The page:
A Texas toddler died a week after experiencing an incident at the beach, and doctors believe that a rare condition known as secondary drowning may be to blame, CNN reported. Parents of Frankie Delgado, 4, hope that raising awareness about their son’s tragic death can help prevent the same thing from happening to others in the future.

In the case of secondary drowning, water enters the lungs, but not enough to cause drowning right away. Instead, over time, this water will begin to cause swelling in the lungs, a condition known as a pulmonary edema. This causes trouble breathing and eventually, if left untreated, can cause death.

Read: What Drowning Feels Like: Asphyxiation In Water Is Silent But Deadly

Secondary drowning does have characteristic symptoms and can be treated. Symptoms usually occur within one to 24 hours after the initial water incidence, WebMD reported. These include coughing, chest pain, trouble breathing, and feeling extremely tired. In addition, an individual may have a change in personality and energy levels as a result of the brain not getting enough oxygen. Although in most cases these symptoms may go away by themselves, in very rare instances they can be fatal.

According to Frankie’s parents, the child experienced vomiting and diarrhea following his incident, but were told that these symptoms were due to a stomach bug. A week later, his father noticed that the young child did not seem to be breathing, CNN reported.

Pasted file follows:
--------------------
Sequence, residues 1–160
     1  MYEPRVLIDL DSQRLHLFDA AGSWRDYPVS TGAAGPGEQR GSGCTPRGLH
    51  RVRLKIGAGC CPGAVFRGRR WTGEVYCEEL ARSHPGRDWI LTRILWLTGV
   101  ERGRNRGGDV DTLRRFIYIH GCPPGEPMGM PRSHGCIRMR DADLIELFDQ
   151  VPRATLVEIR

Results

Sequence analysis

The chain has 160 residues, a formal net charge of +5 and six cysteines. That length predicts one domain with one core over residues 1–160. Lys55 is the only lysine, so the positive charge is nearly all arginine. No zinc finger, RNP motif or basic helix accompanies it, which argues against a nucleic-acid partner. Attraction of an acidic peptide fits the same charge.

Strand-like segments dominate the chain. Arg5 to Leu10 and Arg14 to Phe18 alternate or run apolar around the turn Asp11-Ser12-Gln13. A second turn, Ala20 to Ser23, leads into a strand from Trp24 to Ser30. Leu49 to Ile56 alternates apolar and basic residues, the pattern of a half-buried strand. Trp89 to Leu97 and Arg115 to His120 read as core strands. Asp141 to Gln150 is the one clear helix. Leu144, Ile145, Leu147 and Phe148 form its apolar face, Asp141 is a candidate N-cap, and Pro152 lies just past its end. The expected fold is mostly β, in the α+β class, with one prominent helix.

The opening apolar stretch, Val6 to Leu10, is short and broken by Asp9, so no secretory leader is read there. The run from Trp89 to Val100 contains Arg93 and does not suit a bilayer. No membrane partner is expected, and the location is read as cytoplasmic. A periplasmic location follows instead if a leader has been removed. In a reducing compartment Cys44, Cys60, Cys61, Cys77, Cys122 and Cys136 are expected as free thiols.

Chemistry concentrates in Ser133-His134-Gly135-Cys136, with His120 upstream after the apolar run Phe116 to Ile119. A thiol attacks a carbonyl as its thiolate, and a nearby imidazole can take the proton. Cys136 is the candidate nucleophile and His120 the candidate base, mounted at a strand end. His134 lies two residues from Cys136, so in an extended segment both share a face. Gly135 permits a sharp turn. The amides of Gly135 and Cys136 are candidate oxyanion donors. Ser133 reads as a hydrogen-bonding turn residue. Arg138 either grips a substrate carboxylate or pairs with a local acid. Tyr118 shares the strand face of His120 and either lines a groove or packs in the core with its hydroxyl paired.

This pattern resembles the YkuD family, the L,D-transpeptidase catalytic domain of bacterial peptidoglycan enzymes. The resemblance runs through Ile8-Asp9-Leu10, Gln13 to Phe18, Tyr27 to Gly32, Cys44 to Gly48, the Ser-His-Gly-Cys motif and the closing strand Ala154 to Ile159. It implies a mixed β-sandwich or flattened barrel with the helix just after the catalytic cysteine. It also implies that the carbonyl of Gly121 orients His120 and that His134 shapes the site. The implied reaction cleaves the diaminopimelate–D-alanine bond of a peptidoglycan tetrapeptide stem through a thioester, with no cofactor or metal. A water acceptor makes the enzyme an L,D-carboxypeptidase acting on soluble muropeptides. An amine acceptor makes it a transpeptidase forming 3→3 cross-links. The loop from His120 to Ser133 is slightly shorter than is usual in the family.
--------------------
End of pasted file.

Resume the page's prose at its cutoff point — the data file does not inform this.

"I love my son so much. I'm always touching him, and I'm always talking to him when he's sleeping, and all of a sudden he just woke up," Francisco Delgado Jr, the child’s father said, CNN reported. "He looked at me, and he just rolled his eyes back and took a deep breath. I was like 'Frankie, what's wrong,' and I got up real quick, and I saw that he took a breath but never exhaled."

Frankie was rushed to the hospital where doctors found water in his lungs and around his heart. Although the official cause of death is still pending, secondary drowning is considered to be the likely cause based on the symptoms.

The term “dry drowning” is also used interchangeably to describe another slightly different condition. According to WebMD, in some cases, after an initial water submersion experience, water may not reach the individual's lungs and instead gets trapped in the vocal cords. This causes the vocal cords to spasm and close up, making it very difficult for them to breath. This condition differs from secondary drowning in that symptoms show nearly immediately after the incident, where secondary drowning may take more time to show symptoms.

However, according to Dr. Mark R. Zonfrillo, attending physician in the Department of Emergency Medicine at the Children's Hospital of Philadelphia in an interview with Parents, both conditions are equally dangerous. Both are also extremely rare and only make up about 1-2 percent of all drownings each year.

See Also:

10 Life-Saving Facts Everyone Should Know, From Surviving A Shark Attack To Preventing Drowning

Black Children At Higher Risk Of Drowning; Learning To Swim For Survival Is Essential